Ham hands. That's me.

That's at least part of my excuse for not writing more lately. Resistant to change is another obstacle for me. I've mostly left the family PC to the boys unless there's no other choice. I mean, Charlie bought this 7 in tablet for me so that I would be able to write anytime, anywhere. That was the whole point behind this extravegant, for us, purchase. Yet here I am, still treating it as a slightly larger tweeting and gaming device.

So, as of today I'm resolving to make this my primary writing instrument, no matter how long it takes my old ham hands to grow comfortable with it.

Really though, I feel like Hagrid with a laptop.

Excuses, excuses.

My resolution to move more has been hampered by sleep issues and the inability to wake at a decent hour to walk before the heat sets in. Or so I tell myself.

Honestly, if I wanted to take a walk, I could do so at night. To the end of my street is 1/10th mile so 5 trips to the stop sign and back is a mile... and the people on my road are all lifers who know the Feathers family so I feel safe... at least now the meth house is no longer cooking... so now its a matter of admitting laziness and taking the steps to change.

For someone who loves new experiences, it's kind of astounding how much I resist change. Usually, that's Charlie's MO... or so I tell myself.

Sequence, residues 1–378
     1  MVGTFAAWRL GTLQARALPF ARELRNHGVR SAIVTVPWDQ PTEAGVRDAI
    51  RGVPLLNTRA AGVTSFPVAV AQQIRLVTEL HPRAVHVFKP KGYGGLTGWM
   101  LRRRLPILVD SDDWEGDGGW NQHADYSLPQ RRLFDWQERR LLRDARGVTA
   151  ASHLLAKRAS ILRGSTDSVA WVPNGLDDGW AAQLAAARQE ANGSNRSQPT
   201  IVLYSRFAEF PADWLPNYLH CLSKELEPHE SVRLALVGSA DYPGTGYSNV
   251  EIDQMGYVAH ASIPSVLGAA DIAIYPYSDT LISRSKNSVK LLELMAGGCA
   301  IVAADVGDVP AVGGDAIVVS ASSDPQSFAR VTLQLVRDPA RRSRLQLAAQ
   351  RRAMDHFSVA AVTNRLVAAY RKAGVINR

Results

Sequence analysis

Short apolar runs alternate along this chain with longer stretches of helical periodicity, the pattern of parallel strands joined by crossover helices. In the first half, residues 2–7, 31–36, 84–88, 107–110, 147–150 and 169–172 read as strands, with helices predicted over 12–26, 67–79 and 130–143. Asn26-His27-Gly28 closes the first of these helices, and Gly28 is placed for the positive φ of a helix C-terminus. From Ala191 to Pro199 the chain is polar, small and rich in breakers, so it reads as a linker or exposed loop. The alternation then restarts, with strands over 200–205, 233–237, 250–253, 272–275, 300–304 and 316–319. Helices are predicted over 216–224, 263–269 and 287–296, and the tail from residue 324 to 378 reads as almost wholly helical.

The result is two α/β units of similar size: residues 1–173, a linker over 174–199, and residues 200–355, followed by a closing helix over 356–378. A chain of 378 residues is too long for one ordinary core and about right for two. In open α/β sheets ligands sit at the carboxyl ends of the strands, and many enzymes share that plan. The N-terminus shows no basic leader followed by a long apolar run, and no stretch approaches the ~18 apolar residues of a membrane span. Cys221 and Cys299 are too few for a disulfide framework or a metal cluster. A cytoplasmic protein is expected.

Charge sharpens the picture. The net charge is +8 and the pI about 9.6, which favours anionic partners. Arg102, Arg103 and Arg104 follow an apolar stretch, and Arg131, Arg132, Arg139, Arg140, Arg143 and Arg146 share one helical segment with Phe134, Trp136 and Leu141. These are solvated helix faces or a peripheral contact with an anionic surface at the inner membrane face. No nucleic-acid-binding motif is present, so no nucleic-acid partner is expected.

After breaking out in hives last week, I'm wary of working on the declutter the property situation... especially that section of porch. My mold fears were confirmed when Charlie went poking around yesterday and came in hacking and wheezing.

Sure, we have the tyvek suits, gloves and masks but that's more layering than my over active hypothalamus can handle during a Carolina summer... or so I tell myself.

My tenancy toward procrastination is the stuff of  legends... or would be if I admitted to it more often. It really should be a legend. I am the Mistress of Avoidant Behavior.

As much as I need to work on it... it's kind of nice to have something with which I'm an expert... right?

Let's face it. I'm only still writing now because there's housework to be done... and my back can't take that today...

Or so I tell myself.

*Also, accidentally wrote this in the other blog, screwed up the cut and paste and am too lazy to go back and fix it... so... yeah.

Tuesday, June 3, 2014

What's Your Motto?

No, this is not one of the quizzes that have been around for at least the last decade... but which we still somehow take because we're bored or curiosity gets the better of us... (I hope you aren't one of these) or because you take that nonsense seriously.

Mostly, this comes from my own recent ponderings.

Back in the previous era of blogging, I would post different quotes, movie lines and bumper stickers at the bottom of entries. When I had the energy, I'd go out of my way to find things relating to the topic of the writing... By just as often, I'd stick with one thing that fit where I was in my journey. Those quotes, for the most part, have been lost to the ether.